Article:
Women Taking Control of Their Reproductive Health, Pre-Hobby Lobby Edition

By: Saturday June 28, 2014 9:32 am

Next week, SCOTUS is expected to rule on the Hobby Lobby case, challenging the requirement that private employers that provide insurance to their employees must include contraceptives in the list of services covered with no co-pay. While legal scholars have been watching to see how this decision plays out, women have been taking action, demonstrating their desire to control their own reproductive lives. HHS just released a report showing a very positive picture of women using the provisions of ACA to deal with their reproductive choices, and Erica Hellerstein at The Atlantic painted a more disturbing picture of an underground DIY approach as safe and legal access to abortion is limited or eliminated.

One way or another, women will make their own decisions.


Late Night: Francisco Tapia – “Papas Fritas,”…not playing by the rules

By: Saturday May 24, 2014 8:00 pm

This video from Democracy Now! and Truthout shows what Francisco Tapia and the students are willing to do to bring about justice in the Chilean educational system.

A Song to Commemorate the Other Sept.11th, in Tribute to Both

By: Wednesday September 11, 2013 6:19 pm

The band who performed it, Inti Illimani, from Chile, was out of the country touring in Europe when the democratically elected government of Salvador Allende was overthrown in a military coup supported by the U.S. on …. and get this … 9 11 1973. Their friend and fellow performer Victor Jara was arrested and tortured along with over two thousand of his countrymen in the National Stadium.

Victor, hands broken, a guitar thrown at him and mockingly told to try playing now, actually began to sing with many of the other victims before he was shot through with machine gun fire and his body thrown in the street in Santiago.

The Politics of Abortion in Latin America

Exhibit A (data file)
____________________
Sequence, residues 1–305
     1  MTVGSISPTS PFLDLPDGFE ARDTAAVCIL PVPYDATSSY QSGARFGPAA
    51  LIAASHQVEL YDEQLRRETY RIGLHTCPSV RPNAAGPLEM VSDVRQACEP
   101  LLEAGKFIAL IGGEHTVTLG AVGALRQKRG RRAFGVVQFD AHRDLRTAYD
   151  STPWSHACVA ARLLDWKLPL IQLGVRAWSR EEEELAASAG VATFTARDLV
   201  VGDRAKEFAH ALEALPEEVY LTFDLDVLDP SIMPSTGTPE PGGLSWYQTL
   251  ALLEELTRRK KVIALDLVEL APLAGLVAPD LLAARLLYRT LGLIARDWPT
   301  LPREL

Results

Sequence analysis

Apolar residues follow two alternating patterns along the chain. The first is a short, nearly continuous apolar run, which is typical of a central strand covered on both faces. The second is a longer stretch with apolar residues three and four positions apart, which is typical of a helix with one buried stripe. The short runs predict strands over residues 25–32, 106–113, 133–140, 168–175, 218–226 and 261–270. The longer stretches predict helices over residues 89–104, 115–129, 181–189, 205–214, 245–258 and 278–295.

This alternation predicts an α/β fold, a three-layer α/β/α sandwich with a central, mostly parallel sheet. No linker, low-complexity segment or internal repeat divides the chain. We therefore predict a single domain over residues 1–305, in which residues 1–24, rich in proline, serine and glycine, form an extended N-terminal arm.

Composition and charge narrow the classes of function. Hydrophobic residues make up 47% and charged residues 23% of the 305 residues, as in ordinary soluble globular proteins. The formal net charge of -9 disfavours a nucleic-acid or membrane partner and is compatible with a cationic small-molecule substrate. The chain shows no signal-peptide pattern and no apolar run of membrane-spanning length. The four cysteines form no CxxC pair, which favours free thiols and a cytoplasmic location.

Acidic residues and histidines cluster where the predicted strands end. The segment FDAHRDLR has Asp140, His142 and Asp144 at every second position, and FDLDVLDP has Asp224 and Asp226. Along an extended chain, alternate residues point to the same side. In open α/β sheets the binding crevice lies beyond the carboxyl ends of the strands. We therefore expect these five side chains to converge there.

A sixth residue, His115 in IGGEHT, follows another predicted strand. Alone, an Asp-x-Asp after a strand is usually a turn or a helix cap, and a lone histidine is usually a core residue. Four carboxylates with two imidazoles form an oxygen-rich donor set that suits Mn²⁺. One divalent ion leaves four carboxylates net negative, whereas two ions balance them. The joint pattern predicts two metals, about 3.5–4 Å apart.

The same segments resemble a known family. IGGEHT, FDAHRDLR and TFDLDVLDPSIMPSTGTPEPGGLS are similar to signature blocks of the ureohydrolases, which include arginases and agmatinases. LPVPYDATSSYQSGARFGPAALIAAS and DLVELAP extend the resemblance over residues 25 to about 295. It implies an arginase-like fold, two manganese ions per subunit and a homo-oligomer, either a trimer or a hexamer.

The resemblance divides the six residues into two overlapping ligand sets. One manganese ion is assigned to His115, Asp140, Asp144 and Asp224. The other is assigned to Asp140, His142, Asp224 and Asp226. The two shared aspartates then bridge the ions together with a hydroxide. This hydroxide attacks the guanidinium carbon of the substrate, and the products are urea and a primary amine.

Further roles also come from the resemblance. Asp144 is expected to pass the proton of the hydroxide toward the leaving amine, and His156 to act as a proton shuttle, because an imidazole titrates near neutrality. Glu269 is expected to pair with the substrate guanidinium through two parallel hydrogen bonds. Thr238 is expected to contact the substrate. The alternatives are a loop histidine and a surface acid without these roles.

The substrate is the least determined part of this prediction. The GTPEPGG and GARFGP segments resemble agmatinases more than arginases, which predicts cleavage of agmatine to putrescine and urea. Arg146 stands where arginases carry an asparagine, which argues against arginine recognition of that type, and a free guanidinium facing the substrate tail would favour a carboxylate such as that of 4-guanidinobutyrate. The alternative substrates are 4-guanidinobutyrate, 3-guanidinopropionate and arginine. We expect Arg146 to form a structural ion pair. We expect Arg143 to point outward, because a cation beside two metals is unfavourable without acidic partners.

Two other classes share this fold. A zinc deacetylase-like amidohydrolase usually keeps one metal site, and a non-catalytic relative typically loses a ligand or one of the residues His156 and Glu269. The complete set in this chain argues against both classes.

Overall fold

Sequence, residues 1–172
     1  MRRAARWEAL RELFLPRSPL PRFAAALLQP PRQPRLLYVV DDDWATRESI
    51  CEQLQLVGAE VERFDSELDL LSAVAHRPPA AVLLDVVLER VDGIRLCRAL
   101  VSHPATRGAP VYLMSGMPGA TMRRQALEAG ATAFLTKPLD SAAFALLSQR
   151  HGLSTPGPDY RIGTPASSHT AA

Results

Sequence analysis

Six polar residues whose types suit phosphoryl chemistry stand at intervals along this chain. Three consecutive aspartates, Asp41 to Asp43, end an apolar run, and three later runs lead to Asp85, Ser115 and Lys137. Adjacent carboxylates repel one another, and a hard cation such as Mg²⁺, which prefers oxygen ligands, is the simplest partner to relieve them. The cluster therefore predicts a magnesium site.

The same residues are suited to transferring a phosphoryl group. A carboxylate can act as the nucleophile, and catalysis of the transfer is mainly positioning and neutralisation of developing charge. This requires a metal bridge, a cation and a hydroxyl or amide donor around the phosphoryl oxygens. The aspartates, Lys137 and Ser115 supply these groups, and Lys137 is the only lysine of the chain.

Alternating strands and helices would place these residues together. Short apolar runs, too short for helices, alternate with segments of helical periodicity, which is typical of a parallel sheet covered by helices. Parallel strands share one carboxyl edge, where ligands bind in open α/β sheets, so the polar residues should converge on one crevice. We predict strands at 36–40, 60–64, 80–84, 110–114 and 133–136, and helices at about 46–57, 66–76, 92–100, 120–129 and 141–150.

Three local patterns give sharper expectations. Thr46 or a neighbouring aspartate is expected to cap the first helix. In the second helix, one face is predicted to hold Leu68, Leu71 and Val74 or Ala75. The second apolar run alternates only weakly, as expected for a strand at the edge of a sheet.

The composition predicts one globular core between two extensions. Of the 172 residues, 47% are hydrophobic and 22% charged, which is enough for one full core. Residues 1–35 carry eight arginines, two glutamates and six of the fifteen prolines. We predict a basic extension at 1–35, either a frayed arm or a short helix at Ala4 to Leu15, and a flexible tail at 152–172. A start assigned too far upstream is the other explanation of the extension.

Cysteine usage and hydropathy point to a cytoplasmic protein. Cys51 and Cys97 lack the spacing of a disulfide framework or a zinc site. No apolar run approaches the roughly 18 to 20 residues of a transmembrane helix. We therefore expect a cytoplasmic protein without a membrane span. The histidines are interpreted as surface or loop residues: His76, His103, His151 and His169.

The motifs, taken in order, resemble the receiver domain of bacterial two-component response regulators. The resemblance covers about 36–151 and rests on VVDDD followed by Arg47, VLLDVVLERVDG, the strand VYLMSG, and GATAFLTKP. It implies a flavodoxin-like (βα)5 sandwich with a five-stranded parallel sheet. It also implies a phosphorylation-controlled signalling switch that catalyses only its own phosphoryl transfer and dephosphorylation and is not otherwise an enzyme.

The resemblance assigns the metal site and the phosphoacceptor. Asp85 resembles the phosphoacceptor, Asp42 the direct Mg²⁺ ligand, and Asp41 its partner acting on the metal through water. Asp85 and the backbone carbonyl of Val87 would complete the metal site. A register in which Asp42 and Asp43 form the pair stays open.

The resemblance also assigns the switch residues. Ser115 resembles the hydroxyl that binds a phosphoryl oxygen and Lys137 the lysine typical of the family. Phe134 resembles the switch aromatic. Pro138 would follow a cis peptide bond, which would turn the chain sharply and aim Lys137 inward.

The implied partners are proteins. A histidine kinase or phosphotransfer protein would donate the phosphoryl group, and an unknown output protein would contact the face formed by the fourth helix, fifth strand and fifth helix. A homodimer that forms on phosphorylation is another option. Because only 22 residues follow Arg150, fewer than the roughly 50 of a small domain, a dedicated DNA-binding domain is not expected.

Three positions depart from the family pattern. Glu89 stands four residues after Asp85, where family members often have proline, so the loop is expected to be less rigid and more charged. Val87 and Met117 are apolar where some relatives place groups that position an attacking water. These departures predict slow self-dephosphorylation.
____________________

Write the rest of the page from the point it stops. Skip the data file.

By: Friday July 19, 2013 7:00 pm

In light of the recent case of Beatriz, a 22-year-old Salvadoran woman and mother of a toddler, who, while suffering from lupus and kidney failure and carrying an anencephalic fetus, was denied the right to an abortion, it is relevant to discuss the restrictive abortion laws in Latin America and some of the reasons behind them.

Lakeside Diner

By: Friday August 17, 2012 4:45 am

A variety of links to articles/interviews/speeches/videos on current issues that may be of interest.

TransPacific Partnership Protest Wrap-up: Secret Deals Under Fire

By: Monday May 14, 2012 4:15 pm

After a weekend of protest and controversy, it’s clear that the TransPacific Partnership, the secretive and far-reaching international trade deal negotiated in Addison, Texas is under fire. The more sunshine we let in, the less attractive this deal looks to world leaders.

From a direct action perspective, the highlight of the week was the major disruption caused by Yes Lab pranksters with support from Occupy Dallas. Their efforts, which included replacing the toilet paper in the hotel with special ‘TPP’ message paper, culminated in a major infiltration and the presentation of a fake “Corporate Power Tool” award to US Trade Representative Ron Kirk.

Actions Instead of Rhetoric in Nuclear Nonproliferation

By: Sunday April 11, 2010 4:00 pm

Significant progress is being made in the destruction of nuclear weapons and the securing of weapons-grade material, but barriers still remain in the drive to rid the world of these heinous weapons.

Declassified Document: Kissinger Blocked U.S. Protest on South American Assassinations

By: Sunday April 11, 2010 8:30 am

A controversy has simmered for some years over the role of the United States, and particularly of its then-Secretary of State Henry Kissinger, in the actions surrounding Operation Condor. Condor was an assassination and torture plan implemented by a number of South American countries, braintrusted by Pinochet’s Chile.

Looking Back at Chile In Light of Today’s Earthquake

By: Saturday February 27, 2010 8:00 am

My greatest fear personally is for the Santiago archaeological museum, a priceless collection of pre-Columbian art and mementos. Sadly, the building itself is of stone, a renewal of the monumental architecture period that saw a downtown built of heavy, immense, stone structures. Circling an interior courtyard, the collections are on two stories, with large stairways, heavily built and decorated, many tiles and carved stones. Many of the earthenware remnants of the tribes that occupied the country before Europeans arrived will be easily damaged, and is not recoverable.

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